Session Type: ACR Poster Session B
Session Time: 9:00AM-11:00AM
Background/Purpose: Resting Sinus Tachycardia (ST) is found in approximately 50 % of patients with SLE. Unexplained episodes of intermittent ST could be a manifestation of disease activity. Approximately 13-15 % of patients, however, continue to have unexplained ST that persists beyond the duration of disease flare. The significance of this finding is still under investigation, but may be associated with physical deconditioning, higher SLEDAI scores or occult serositis. We conducted a retrospective study to further elucidate its clinical significance.
Methods: SLE was defined as patients fulfilling SLICC 2012 criteria. Persistent ST was defined as unexplained resting heart rate > 90 bpm in > 50 % of all outpatient visits; a minimum of 8 outpatient visits were required such that transient episodes of tachycardia were excluded. Also excluded were tachycardia episodes with potential explanation e.g. acute illness, severe pain, fever, acute anemia, hyperthyroidism, pregnancy and history of cardiac arrhythmias. A retrospective chart review was performed in patients with a diagnosis of SLE between January 2000 and December 2015. Patients meeting SLICC 2012 criteria and > 8 outpatient visits were dichotomized into groups with or without persistent ST. Multiple variables were compared: demographics; individual components of SLICC 2012 criteria at the first and the latest follow-up; laboratory tests including ENA, APL, ESR/CRP, anemia and nephritis class; pulmonary, cardiac and renal components of SLICC damage index; comorbidities including APS, hypertension, hyperlipidemia and history of deep vein thrombosis; and, hydroxychloroquine, angiotensin converting enzyme inhibitor and beta blocker use. Fisher’s exact test was used and two sided p value < 0.05 considered significant.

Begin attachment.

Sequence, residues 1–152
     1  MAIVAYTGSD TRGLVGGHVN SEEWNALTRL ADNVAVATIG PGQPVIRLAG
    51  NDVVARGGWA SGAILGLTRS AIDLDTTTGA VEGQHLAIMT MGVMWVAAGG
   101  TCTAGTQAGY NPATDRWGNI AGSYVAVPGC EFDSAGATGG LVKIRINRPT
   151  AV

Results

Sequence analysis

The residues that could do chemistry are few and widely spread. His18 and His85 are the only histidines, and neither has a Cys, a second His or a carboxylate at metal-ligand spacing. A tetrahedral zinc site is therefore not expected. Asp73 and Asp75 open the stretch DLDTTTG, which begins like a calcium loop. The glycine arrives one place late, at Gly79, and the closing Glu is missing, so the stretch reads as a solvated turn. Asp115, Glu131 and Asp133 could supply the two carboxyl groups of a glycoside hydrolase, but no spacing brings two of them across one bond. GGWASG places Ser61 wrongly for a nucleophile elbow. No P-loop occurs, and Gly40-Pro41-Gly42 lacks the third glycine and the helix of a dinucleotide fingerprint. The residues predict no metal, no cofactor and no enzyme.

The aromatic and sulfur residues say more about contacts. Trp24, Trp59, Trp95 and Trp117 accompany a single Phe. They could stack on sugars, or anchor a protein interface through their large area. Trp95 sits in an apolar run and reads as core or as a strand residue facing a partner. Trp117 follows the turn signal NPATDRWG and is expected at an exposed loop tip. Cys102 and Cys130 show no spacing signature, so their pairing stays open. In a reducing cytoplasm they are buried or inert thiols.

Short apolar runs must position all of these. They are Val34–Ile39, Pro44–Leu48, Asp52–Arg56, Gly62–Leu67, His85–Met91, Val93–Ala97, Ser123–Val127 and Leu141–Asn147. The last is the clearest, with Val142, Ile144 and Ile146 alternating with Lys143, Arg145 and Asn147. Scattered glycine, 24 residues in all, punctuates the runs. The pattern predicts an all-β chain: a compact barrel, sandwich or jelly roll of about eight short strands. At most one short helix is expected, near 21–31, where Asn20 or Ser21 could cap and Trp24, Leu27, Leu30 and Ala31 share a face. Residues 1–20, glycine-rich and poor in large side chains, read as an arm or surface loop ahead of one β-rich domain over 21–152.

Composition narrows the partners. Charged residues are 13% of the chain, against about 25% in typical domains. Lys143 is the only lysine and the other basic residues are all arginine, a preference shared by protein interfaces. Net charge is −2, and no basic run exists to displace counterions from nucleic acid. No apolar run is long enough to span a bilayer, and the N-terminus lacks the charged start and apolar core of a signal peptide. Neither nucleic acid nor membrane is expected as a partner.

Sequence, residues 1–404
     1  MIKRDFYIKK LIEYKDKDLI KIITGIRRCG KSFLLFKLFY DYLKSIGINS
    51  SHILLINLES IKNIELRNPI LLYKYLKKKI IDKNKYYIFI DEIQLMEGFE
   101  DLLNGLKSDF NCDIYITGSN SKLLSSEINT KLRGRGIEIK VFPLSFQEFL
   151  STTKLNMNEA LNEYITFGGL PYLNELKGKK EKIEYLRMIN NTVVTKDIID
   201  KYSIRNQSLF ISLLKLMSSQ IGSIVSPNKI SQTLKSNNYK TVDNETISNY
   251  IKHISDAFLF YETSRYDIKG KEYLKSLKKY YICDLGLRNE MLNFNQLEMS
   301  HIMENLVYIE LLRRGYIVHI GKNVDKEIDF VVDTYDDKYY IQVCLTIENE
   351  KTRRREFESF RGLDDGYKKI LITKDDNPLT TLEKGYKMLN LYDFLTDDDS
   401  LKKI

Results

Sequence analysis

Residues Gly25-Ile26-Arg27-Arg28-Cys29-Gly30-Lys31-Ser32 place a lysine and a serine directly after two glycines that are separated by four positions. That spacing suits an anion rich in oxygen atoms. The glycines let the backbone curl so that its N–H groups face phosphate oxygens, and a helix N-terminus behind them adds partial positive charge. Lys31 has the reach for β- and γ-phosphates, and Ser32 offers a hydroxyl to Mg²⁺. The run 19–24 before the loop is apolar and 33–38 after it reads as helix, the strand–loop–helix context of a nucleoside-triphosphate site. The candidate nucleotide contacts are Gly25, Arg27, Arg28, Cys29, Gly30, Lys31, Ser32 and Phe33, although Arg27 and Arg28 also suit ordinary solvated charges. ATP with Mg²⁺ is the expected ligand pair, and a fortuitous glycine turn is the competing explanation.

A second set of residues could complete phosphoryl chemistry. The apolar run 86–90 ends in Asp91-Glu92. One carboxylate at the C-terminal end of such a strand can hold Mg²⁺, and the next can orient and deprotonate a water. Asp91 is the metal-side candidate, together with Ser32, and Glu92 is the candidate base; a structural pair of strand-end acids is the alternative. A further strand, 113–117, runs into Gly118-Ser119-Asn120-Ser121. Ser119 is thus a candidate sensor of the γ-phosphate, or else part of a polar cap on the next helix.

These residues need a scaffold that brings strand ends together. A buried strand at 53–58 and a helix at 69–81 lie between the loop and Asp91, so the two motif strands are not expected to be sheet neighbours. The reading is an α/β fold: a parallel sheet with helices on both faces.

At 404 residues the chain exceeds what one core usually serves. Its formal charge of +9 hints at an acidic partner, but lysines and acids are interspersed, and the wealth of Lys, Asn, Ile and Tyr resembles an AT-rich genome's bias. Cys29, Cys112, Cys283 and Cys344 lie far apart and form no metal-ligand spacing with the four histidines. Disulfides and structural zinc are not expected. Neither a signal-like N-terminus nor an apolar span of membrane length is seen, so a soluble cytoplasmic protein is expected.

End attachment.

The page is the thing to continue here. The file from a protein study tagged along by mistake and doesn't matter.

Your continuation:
Results: Charts of 375 patients were reviewed. 106 met inclusion criteria. 17 (16%) had persistent ST. At the time of statistical analysis, complete data was available in 16 patients with persistent ST and 61 patients without. The mean duration of follow up was 6.4 and 7.3 years respectively. Persistent ST was found to be associated with the following in univariate analysis: serositis at presentation (44% vs 14% P 0.017), proteinuria > 500 mg/24 hour at the latest follow up (63% vs 33% P 0.044) and anti-histone antibodies (75% vs 42% P 0.026). Quantitative analysis of maximal proteinuria revealed an association of persistent ST with any proteinuria > 500 mg/24 hr (63% vs 31% P 0.02) as well as nephrotic proteinuria > 3 gm/24 hr (44% vs 18% P 0.045). In addition, class 5 nephritis was more common (25% vs 5% P 0.031) in this group. Other variables trending towards significance include: active urinary sediment/> 5 RBCs/hpf at latest follow up (50% vs 23% P 0.059), anti-DNA antibodies (75% vs 46% P 0.0504) and APS (25% vs 8% P 0.08).
Conclusion: Unexplained persistent ST could be a meaningful clinical sign in SLE. Early in natural history, this may imply the presence of incipient serositis while later on, of an ongoing proteinuric renal disease. A novel finding of high prevalence of anti-histone antibodies in this subgroup needs further scrutiny to discern its significance.
To cite this abstract in AMA style:Bhusal S, Alhaddad B, Einstadter D, Ballou S. Clinical Implications of Persistent Sinus Tachycardia in Systemic Lupus Erythematous: A Retrospective Study [abstract]. Arthritis Rheumatol. 2016; 68 (suppl 10). https://acrabstracts.org/abstract/clinical-implications-of-persistent-sinus-tachycardia-in-systemic-lupus-erythematous-a-retrospective-study/. Accessed October 28, 2020.
« Back to 2016 ACR/ARHP Annual Meeting
ACR Meeting Abstracts - https://acrabstracts.org/abstract/clinical-implications-of-persistent-sinus-tachycardia-in-systemic-lupus-erythematous-a-retrospective-study/